Intranasal SARS Vaccine Protects Monkeys from Infection
A single dose of a test vaccine sprayed into the nose protects
monkeys against the SARS virus, according to Alexander Bukreyev,
Ph.D., Peter Collins, Ph.D., and coworkers at the National Institute
of Allergy and Infectious Diseases (NIAID), part of the National
Institutes of Health (NIH).
The study, published in the June 26 issue of the British journal
The Lancet, is the third recently issued by NIAID that describes
a promising candidate vaccine against SARS. This vaccine differs
from the previous two in that it is delivered directly into the
respiratory tract, the primary site of SARS infection; it is the
first U.S. vaccine to be tested in monkeys; and only one dose is
needed for protection. The previous two vaccines were tested in
rodents, and each required two doses for protection.
"We now have three technologically unique approaches to restricting
SARS replication in animals," says Anthony S. Fauci, M.D.,
director of NIAID. "These important studies of SARS vaccines
demonstrate the outstanding progress we have made against this newly
recognized and deadly disease."
The newest vaccine targets the SARS spike (SARS-S) protein, a compound
that protrudes from the surface of the SARS virus, enabling it to
attach to and infect human cells. Investigators developed the vaccine
by inserting the gene that encodes the SARS-S protein into a weakened
version of human parainfluenza virus 3 (HPIV3), called BHPIV3, that
is being developed as an experimental vaccine against HPIV3. In
its natural form, HPIV3 is among the most common causes of respiratory
diseases, such as pneumonia, in young children. Using BHPIV3 as
a vector allowed researchers to introduce the SARS-S protein directly
into the respiratory tract.
Investigators sprayed vaccine into the nasal passages of two groups
of African green monkeys one group received BHPIV3/SARS-S, and the
other group received a control BHPIV3 that contained a harmless
gene in place of SARS-S. Animals that received the BHPIV3/SARS-S
vaccine developed neutralizing antibodies against the SARS virus,
whereas the control group did not. Twenty-eight days after immunization,
both groups of monkeys were administered the SARS virus through
the nose to test the protectiveness of the vaccine. Investigators found that monkeys
vaccinated with a single dose of BHPIV3/SARS-S did not replicate
the virus. In contrast, the monkeys in the control group showed
evidence of SARS virus replication after exposure.
"This study shows that delivering the vaccine directly to the
respiratory tract can effectively protect primates from SARS,"
says Brian R. Murphy, M.D., co-chief of the NIAID Laboratory of
Infectious Diseases and one of the authors of the study. "With
more research, we hope to develop a vaccine based on this approach
that could be used to rapidly immunize first responders and other
medical personnel, helping them control a potential outbreak."
Dr. Murphy says that the vaccine in its current form would be most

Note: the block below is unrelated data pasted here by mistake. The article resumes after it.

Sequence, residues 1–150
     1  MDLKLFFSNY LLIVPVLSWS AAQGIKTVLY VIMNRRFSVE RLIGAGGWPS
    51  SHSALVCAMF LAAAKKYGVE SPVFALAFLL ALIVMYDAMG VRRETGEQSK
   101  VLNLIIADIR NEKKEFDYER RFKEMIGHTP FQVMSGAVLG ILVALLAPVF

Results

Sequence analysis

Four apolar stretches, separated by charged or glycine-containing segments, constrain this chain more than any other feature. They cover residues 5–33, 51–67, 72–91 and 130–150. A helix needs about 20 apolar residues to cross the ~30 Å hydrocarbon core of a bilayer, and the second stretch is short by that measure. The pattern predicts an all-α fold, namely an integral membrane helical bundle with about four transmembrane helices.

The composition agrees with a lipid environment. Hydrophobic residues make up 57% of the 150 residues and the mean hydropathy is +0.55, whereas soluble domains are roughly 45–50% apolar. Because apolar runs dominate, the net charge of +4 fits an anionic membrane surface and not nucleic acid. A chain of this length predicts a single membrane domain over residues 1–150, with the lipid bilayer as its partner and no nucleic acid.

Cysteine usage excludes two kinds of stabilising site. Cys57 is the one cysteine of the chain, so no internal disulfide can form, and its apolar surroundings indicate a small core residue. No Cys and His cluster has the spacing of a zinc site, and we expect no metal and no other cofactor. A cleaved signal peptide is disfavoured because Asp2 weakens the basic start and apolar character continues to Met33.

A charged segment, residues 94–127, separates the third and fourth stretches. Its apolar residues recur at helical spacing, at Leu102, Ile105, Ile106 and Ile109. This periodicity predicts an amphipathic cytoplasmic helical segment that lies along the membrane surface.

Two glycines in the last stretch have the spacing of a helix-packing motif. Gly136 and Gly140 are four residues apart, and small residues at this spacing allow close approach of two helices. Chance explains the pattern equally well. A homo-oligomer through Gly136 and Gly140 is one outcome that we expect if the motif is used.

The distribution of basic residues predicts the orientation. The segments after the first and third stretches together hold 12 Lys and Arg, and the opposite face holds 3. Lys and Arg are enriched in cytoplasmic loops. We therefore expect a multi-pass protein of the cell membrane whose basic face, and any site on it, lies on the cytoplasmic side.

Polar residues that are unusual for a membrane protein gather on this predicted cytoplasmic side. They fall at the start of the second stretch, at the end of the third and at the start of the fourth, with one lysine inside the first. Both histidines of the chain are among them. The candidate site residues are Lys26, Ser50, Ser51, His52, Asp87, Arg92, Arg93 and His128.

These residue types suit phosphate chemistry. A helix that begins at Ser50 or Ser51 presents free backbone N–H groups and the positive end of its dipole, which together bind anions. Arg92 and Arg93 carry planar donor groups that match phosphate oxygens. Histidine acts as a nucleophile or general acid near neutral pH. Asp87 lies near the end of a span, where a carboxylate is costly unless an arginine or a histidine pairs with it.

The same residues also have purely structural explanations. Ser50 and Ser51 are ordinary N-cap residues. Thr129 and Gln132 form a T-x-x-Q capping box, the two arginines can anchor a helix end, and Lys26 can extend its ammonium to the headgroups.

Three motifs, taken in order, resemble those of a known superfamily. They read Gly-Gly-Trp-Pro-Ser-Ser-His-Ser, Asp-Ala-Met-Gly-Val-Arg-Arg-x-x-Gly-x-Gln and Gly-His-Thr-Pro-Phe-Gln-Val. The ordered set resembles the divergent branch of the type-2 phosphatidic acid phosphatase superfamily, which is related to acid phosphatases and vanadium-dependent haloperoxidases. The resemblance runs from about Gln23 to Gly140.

effective in young children. Most adults have some level of immunity
to HPIV3 from childhood infections that likely would inhibit an
effective immune response to an HPIV3-based SARS vaccine. However,
Dr. Murphy and his colleagues are planning to conduct clinical studies
of BHPIV3 and other potential intranasal vaccine delivery systems,
including ones that should efficiently immunize adults. "In
the long run, we want to establish a weakened respiratory virus
vector that all people are susceptible to," he says. "That
way, we can quickly develop vaccines for numerous diseases by simply
inserting the protective genes of those viruses into our generalized
In another advance from Dr. Murphy's and Dr. Collins's lab, Ursula
Buchholz, Ph.D., and coworkers showed that no other known SARS virus
structural proteins besides SARS-S are involved in prompting a protective
immune response. Reported online in this week's issue of the Proceedings
of the National Academy of Sciences, Dr. Buchholz and her colleagues
constructed vaccines containing SARS-S as well as one or more other
SARS virus structural proteins. They also made vaccines that contained
one or more SARS virus structural proteins, but did not contain
the SARS-S protein. When given nasally to hamsters, only vaccines
containing SARS-S elicited a protective immune response; adding
other proteins to the mix did not boost the response. The magnitude
of SARS virus replication in hamsters is much higher than is detected
in monkeys, so the protective value of a candidate vaccine can be
readily measured when tested in the hamster model, explains Dr.
Buchholz. This finding will simplify the development of a SARS vaccine.
NIAID is a component of the National Institutes of Health, an agency
of the U.S. Department of Health and Human Services. NIAID supports
basic and applied research to prevent, diagnose and treat infectious
diseases such as HIV/AIDS and other sexually transmitted infections,
influenza, tuberculosis, malaria and illness from potential agents
of bioterrorism. NIAID also supports research on transplantation
and immune-related illnesses, including autoimmune disorders, asthma
Press releases, fact sheets and other NIAID-related materials are
available on the NIAID Web site at http://www.niaid.nih.gov.
References: A Bukreyev et al. Mucosal immunisation of African green
monkeys (Cercopithecus aethiops) with an attenuated parainfluenza virus expressing the
SARS coronavirus spike protein for the prevention of SARS. The Lancet
363 (9427):2122-27 (2004).
UJ Buchholz et al. Contributions of the structural proteins
of severe acute respiratory syndrome coronavirus to protective immunity.
Proceedings of the National Academy of Sciences. Published
online June 2004. DOI: www.pnas.org/cgi/doi/10.1073/pnas.0403492101.